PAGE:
Most mornings, my family leave the house before me. This gives me the opportunity to check the news, hoping to hear something positive about my beloved football team, Newcastle United.
Following a short commute to work, my first task of the day is to complete my monthly expenses. I spent a lot on entertaining clients the previous month, so it takes me a while to get this finalised.
I had planned to ease myself into the week gently. However, one of my clients has requested an urgent meeting.
He arrives, explaining that he is concerned about his monthly expenditure and asks me to devise a plan to help him cut down his spending, save more and start planning ahead for retirement. I ask him to complete and return an expenditure questionnaire so we can take this further.
My next task is to take a fresh look at my company's service offering and make strategic changes where necessary. This is something I started a few weeks ago and am keen to finalise.
Of our 340 active clients, I note that 49 entail external meetings. I hold a meeting with my colleagues to discuss how we can gently persuade these clients to come into the office instead for ongoing review meetings.
Arriving at the office at 9am, I prepare for a 10am annual review meeting with a client. During the meeting, the client explains he wishes to withdraw £25,000 to put towards purchasing a caravan and cover this year’s holiday expenses.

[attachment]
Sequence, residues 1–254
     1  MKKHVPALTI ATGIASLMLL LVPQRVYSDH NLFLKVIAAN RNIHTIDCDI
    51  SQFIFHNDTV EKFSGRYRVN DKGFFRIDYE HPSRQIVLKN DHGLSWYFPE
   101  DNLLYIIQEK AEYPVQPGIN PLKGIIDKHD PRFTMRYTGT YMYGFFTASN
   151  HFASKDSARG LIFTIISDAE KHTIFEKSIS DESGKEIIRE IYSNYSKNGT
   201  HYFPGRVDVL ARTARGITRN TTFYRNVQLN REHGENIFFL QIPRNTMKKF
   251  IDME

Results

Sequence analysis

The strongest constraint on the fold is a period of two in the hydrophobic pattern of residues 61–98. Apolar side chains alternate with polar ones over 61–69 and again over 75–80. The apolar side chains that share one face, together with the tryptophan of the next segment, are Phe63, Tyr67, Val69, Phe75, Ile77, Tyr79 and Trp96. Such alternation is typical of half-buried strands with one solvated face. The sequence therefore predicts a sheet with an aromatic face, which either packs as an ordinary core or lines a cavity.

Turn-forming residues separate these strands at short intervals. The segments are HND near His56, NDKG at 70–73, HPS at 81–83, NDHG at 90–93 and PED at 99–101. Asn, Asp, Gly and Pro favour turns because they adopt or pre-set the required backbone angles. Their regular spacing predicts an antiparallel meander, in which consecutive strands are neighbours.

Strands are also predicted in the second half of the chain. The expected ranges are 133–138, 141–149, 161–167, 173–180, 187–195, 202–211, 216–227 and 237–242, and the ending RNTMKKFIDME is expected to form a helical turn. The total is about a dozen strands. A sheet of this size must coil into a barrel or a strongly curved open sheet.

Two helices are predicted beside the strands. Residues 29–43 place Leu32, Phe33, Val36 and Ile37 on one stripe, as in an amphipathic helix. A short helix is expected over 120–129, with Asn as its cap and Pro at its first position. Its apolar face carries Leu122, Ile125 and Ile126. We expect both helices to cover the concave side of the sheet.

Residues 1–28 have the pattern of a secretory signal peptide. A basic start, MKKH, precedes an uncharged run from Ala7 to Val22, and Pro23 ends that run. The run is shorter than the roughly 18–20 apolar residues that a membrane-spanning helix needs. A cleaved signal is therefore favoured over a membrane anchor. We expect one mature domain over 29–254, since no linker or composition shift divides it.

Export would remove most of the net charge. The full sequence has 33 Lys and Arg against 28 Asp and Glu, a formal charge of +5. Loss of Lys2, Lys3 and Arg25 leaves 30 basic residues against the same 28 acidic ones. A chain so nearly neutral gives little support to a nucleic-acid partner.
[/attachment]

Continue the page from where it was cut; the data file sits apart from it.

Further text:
I also use the meeting as a tester regarding the new Mifid II disclosure rules and present our new documents disclosing the various fees chargeable to him.
The client leaves the meeting really happy as I manage to save him £2,000 a year in income tax. All in a day’s work.
This morning we are holding a team meeting to discuss the client feedback we have received about our new disclosure of costs documents and the post meeting reports we provide to all clients.
As part of an adviser's terms and conditions plan, I sit in on a client meeting to observe one of my fellow advisers. Like many advisers, I am a great believer in lifetime cash flow planning and it is great to see the client’s delight as my colleague demonstrates he can comfortably afford to retire and even spend £5,000 a year more than he thought he could.
In the afternoon, I meet with a client at a car dealership where he is taking ownership of a new Porsche. Getting back to the office after 5pm, I spend more than an hour catching up on emails before deciding to call it a day.
Today, I am meeting a retired client who is taking an income via a flexi-access drawdown. I explain that I am concerned about the longevity of his funds if he continues to draw the same level of income. Raising this issue leads to a conversation about equity release, which my client is interested in exploring further.